The intended use of the Vulcan EBF-25 is purely trivial. This product was made for the enjoyment of children. It provides a safer method for children to play together than with much more dangerous toys such as an air soft gun or a paintball gun. The Vulcan EBF-25 was designed as a toy and should be used as one. Children can find many different games to play with the Vulcan EBF-25, creating endless hours of entertainment for the group of children participating. This product was designed for use at home. The Vulcan EBF-25 can be taken outside as long as the weather is permissible. This product should be kept out of the workplace because it is a toy and unless they work at Habro; it would not be acceptable. The Vulcan EBF-25 performs the job of keeping children entertained. The parents of the children are then able to garner some time to perform tasks around the house and tie up any loose ends. This product must be used with some care as to prevent any injury to the users. If the children are too young to use the Vulcan EBF-25 then they could injury themselves quite easily. The children could choke on the projectiles if they are not watched or told explicitly. Children could also injure one another by striking each other with the guns so care should be taken when giving a child a Vulcan EBF-25.
The Vulcan EBF-25 uses a combination of Kinetic, Spring and Electric Energy to fire the darts quite long distances. The user supplies the Kinetic Energy through a lever that the user pulls back. The Spring Energy is created through the Kinetic Energy from the lever being pulled by the user. The spring compresses from the Kinetic Energy and builds up a quantity of Spring Energy that can then be used to launch the darts. Once the Spring Energy is built up the user can then trigger the gun to fire by pulling the trigger and releasing the spring and transferring the Spring Energy to the dart and then propelling it through the air. The Electric Energy can be used in lieu of the kinetic energy from six ‘D’ batteries. The Electric energy works in the same way that the kinetic energy propels the dart by transferring the energy from the battery to the spring and then to the dart except at a much quicker pace. The batteries can provide much more power than the user can so; the darts can be fired at a much quicker pace. With the electric power, the Vulcan can fire at a rate of three darts per second while the kinetic energy can only fire at a rate of one dart every three seconds.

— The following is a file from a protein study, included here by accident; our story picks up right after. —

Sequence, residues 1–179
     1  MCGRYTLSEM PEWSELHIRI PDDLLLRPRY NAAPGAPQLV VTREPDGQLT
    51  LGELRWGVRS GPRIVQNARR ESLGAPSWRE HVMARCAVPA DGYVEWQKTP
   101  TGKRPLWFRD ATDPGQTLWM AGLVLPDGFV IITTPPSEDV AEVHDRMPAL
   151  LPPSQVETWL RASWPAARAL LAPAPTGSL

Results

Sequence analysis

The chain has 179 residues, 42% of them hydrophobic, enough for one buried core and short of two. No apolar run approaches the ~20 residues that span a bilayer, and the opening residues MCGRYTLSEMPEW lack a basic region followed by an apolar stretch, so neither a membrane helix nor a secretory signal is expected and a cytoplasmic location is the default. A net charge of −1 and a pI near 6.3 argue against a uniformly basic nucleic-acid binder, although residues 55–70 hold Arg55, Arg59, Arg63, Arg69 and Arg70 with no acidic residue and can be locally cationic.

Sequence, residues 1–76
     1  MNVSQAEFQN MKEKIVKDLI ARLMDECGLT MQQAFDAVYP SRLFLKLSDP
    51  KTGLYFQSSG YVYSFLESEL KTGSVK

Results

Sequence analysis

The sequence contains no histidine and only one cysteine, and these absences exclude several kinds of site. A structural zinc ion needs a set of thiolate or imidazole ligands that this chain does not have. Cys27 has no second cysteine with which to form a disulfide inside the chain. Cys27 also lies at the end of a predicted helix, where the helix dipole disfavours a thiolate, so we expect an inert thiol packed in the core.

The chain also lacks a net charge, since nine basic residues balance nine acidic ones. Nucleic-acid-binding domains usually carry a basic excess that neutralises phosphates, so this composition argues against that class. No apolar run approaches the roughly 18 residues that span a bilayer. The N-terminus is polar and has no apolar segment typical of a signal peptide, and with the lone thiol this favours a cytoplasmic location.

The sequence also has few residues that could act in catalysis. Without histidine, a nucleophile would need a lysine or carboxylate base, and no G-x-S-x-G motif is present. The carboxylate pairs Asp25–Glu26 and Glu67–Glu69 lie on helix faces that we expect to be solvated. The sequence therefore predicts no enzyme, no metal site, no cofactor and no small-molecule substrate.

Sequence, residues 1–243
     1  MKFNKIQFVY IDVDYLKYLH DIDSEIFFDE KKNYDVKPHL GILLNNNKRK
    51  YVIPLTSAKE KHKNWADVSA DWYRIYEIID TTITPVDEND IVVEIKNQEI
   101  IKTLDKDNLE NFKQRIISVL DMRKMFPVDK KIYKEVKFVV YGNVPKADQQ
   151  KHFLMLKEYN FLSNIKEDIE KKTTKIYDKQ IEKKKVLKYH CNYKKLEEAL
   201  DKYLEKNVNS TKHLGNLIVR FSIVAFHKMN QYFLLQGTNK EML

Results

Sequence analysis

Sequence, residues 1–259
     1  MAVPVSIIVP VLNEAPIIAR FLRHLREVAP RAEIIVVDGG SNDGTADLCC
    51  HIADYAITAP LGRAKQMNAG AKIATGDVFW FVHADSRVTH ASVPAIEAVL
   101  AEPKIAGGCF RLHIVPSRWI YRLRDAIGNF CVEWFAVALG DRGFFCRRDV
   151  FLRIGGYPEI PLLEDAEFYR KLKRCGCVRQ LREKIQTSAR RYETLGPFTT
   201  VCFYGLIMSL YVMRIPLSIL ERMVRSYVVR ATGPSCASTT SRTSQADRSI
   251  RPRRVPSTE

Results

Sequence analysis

Within the Nerf Vulcan product there are several components present. The forty dollar purchase includes- a tripod stand, 25 darts, a 25 dart clip, an ammunition casing, and the gun itself. The tripod stand consists of three plastic legs, each with rubber on the bottom for grip. One leg is stationary, but the other two are free to move forward and backward. This motion is controlled through two gears, one in each leg thus the legs can only move together. On top of the legs are two plastic pieces. These two are attached to a spring which allows the tripod to “clamp” onto the gun itself. The darts are simply a lightweight Styrofoam with rubber ends. The 25 dart clip consists of 25 dart holders made of plastic, bound together through a woven material. Each holder has a hole drilled through the backside, for the firing mechanism to come into contact with the individual darts. The gun is by far the most complex component. The Nerf Vulcan product has an automatic firing mechanism. This involves a motor, a power supply, a switch, and trigger. The power supply consists of 6 d size batteries. This power supply then goes to what I can imagine is a 9 or 12 volt motor which is activated through the switch on the outside of the gun. And finally the trigger releases the whole interaction of components, firing the darts consecutively.